Fourth Sunday of Advent

Philippe de Champaigne Dream of St. Joseph 1642-1643 National Gallery, London

Philippe de Champaigne
Dream of St. Joseph
1642-1643
National Gallery, London

… behold, the angel of the Lord appeared to him in a dream and said,
“Joseph, son of David, do not be afraid to take Mary your wife into your home. . .

When Joseph awoke,
he did as the angel of the Lord had commanded him
and took his wife into his home.”

Joseph The Dreamer

Giotto The Birth of Jesus Scrovegni Chapel 1300 Padua

Giotto
The Birth of Jesus Scrovegni Chapel
1300
Padua

The Mystical Nativity, 1500-01, Sandro Botticelli

The Mystical Nativity, 1500-01, Sandro Botticelli, National Gallery, London

GENTILE DA FABRIANO  Nativity  1423  Tempera on wood, 32 x 75 cm  Galleria degli Uffizi, Florence

GENTILE DA FABRIANO
Nativity
1423
Tempera on wood, 32 x 75 cm
Galleria degli Uffizi, Florence

All this took place to fulfill what the Lord had said through the prophet:
Behold, the virgin shall conceive and bear a son,
and they shall name him Emmanuel,

which means “God is with us.”

Robert Campin, Merode Altarpiece, oil on oak panel, 1425-28 (Metropolitan Museum of Art)

Robert Campin, Merode Altarpiece, oil on oak panel, 1425-28 (Metropolitan Museum of Art)

The Merode Altarpiece is one of the great masterpieces of Northern Renaissance art. The use of objects from the material world to symbolize spiritual ideas, the effort to make the divine accessible to us and part of our world, and the attention to clarity and detail—at the expense of creating a coherent space—are all basic characteristics of the Northern Renaissance style.

St. Joseph (right panel)

51AKXMqrGyL__SY450_The panel on the far right depicts St. Joseph (Mary’s husband), who was a carpenter by trade. He is shown in his carpenter’s shop. Here is one of the amazing characteristics of Northern Renaissance art. Nearly every item that we see in the Merode Altarpiece—even though is looks like an ordinary object—is really a religious symbol. For example, the tools that Joseph is working with are a symbol of the Passion of Christ, the lilies symbolize Mary’s virginity, and the candle that has just been extinguished tells us that this is the moment when God takes human form, and his exclusively divine nature is gone. The material world is imbued with spiritual meaning, with the divine. This is one of the defining characteristics of Northern Renaissance art. But it is not only in their paintings that the people of Flanders used everyday objects to symbolize spiritual ideas; this was a part of their way of thinking.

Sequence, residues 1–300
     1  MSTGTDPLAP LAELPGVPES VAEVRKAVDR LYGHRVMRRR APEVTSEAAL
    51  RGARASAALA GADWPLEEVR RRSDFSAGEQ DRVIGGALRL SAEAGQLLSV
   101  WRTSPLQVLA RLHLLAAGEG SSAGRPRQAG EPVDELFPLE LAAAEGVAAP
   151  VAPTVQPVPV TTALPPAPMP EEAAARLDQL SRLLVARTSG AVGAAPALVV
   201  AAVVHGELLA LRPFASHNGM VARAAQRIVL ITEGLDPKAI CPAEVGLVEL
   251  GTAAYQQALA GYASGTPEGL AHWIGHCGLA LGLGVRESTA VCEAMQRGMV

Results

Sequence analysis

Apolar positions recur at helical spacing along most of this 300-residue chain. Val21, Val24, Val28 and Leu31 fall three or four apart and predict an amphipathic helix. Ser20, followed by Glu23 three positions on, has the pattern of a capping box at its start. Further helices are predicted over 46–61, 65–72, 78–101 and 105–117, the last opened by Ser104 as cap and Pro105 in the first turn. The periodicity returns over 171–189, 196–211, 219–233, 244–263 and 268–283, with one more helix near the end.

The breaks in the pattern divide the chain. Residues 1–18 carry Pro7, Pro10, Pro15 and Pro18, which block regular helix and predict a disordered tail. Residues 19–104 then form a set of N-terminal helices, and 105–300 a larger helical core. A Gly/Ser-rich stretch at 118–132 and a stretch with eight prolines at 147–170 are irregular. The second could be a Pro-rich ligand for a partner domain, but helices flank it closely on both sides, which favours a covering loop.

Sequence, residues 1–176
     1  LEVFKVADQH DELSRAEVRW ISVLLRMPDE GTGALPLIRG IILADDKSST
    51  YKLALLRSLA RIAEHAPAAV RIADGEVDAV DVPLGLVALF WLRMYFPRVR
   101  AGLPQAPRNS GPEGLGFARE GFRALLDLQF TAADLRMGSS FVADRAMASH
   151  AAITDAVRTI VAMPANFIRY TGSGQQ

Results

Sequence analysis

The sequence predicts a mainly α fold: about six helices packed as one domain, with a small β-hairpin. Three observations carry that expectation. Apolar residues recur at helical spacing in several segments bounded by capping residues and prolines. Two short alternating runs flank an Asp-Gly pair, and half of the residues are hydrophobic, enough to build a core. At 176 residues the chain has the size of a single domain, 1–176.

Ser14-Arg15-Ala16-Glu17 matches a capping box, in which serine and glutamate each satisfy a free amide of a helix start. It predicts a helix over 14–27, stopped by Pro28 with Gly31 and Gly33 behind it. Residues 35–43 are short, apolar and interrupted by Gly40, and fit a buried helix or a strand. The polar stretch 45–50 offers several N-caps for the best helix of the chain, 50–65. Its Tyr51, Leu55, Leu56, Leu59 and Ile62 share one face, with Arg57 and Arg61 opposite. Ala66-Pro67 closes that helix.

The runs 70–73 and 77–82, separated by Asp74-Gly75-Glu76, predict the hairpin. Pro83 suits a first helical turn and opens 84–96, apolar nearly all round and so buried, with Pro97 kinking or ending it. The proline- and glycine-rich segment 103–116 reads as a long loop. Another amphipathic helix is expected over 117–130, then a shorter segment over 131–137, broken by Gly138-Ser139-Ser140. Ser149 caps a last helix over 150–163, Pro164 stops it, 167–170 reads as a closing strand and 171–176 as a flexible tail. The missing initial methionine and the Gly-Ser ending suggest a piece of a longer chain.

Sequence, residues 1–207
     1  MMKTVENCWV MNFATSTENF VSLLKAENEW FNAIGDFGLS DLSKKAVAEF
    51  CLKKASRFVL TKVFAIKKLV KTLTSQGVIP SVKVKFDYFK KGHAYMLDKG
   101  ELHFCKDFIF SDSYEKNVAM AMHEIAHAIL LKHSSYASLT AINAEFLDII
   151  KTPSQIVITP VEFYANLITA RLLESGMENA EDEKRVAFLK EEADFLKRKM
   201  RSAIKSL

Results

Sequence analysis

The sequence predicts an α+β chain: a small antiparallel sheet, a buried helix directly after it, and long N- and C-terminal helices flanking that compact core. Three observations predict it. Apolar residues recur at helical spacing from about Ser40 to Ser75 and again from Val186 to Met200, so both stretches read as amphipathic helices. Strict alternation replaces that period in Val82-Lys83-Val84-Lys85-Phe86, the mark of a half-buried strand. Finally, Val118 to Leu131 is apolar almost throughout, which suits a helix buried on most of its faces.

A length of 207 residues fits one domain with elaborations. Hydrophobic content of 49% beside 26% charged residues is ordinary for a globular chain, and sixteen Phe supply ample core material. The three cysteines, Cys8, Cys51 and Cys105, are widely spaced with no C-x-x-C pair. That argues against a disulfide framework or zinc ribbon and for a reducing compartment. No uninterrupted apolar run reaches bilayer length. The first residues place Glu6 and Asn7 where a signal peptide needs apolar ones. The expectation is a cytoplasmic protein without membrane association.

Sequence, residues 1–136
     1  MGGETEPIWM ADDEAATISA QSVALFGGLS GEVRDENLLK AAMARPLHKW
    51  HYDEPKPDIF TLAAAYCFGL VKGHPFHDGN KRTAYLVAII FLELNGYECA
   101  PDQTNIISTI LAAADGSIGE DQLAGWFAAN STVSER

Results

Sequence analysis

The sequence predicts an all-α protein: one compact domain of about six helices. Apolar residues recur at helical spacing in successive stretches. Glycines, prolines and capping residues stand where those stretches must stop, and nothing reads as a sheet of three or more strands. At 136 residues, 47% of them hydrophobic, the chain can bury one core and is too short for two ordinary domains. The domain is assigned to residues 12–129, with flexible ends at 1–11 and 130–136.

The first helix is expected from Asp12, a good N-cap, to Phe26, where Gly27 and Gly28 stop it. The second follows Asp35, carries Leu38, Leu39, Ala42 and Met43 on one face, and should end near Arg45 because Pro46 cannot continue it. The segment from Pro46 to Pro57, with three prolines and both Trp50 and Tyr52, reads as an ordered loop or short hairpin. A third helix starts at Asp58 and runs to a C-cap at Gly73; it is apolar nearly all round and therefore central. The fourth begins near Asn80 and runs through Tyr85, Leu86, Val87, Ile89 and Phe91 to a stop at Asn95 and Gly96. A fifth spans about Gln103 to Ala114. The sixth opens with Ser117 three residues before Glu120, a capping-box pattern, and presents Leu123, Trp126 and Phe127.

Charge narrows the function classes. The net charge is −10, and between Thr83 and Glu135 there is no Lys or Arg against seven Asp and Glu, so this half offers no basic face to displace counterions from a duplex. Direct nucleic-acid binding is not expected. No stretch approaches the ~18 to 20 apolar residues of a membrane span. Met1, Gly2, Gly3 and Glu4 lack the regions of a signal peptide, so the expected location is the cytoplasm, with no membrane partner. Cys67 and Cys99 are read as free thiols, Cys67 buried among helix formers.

The Symbolism of the Mouse Trap in the Joseph Panel

The Central Panel

2mero_c

“The Annunciation Triptych” was conceived as an object of private devotion. Although scholars have given complex interpretations for its iconography, the significance of the imagery must have been understood by the ordinary educated person of its time. The center panel focuses on the Virgin in prayer. As she has not yet recognized the presence of the archangel Gabriel, the event depicted is the moment just before the Annunciation. Some objects, such as the lily and the laver, symbolize the Virgin’s purity expressed through the divine birth of Christ. The tiny figure of the Christ Child bearing a cross and descending on rays of light from the round window indicates that the primary subject is the Incarnation. This understanding is borne out by the flame of the candle, symbolic of God’s divinity, which has just been extinguished, a further reference to the Incarnation, the moment when God became man. This significant detail is placed in the exact center of the composition.

Nova, nova, Ave fit ex Eva.

 

Gabriel of high degree,
He came down from Trinity,
From Nazareth to Galilee.
Nova, nova.

Nova, nova, Ave fit ex Eva.

I met a maiden in a place,
I kneeled down afore her face
And said, “Hail Mary, full of grace!”
Nova, nova.

Nova, nova, Ave fit ex Eva.

When the maiden heard tell of this
She was full sore abashed y-wis
And weened that she had done amiss.
Nova, nova.

Nova, nova, Ave fit ex Eva.

Then said the Angel, “Dread not thou,
For ye be conceived with great virtue,
Whose name shall be called Jesu”.
Nova, nova.

Nova, nova, Ave fit ex Eva.

“It is not yet six weeks agone
Sin Elizabeth conceived John
As it was prophesied beforn.”
Nova, nova.

Nova, nova, Ave fit ex Eva.

Then said the maiden, “Verily,
I am your servant right truly,
Ecce, ancilla Domini!”
Nova, nova.

Nova, nova, Ave fit ex Eva.

The Cherry Tree Carol

The ballad relates an apocryphal story of the Virgin Mary, presumably while traveling to  Bethlehem with Joseph for the census. In the most popular version, the two stop in a cherry orchard, and Mary asks her husband to pick cherries for her, citing her child. Joseph spitefully tells Mary to let the child’s father pick her cherries.

At this point in most versions, the infant Jesus, from the womb, speaks to the tree and commands it to lower a branch down to Mary, which it does. Joseph, witnessing this miracle, immediately repents his harsh words. The more contemporary versions sometimes end here, while others often include an angel appearing to Joseph and telling him of the circumstances of Jesus’s birth. Other versions then jump ahead several years, where the next verse picks up with Jesus on his mother’s lap, telling her of his eventual death and resurrection.

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About Monsignor Mark Richard Lane

I am a Catholic Priest of the Diocese of Richmond. I am also a presenter in the Theology and Symbolism in Art from the art of the catacombs to modern art. My current research is on the duplicity of art in 19th Century America.
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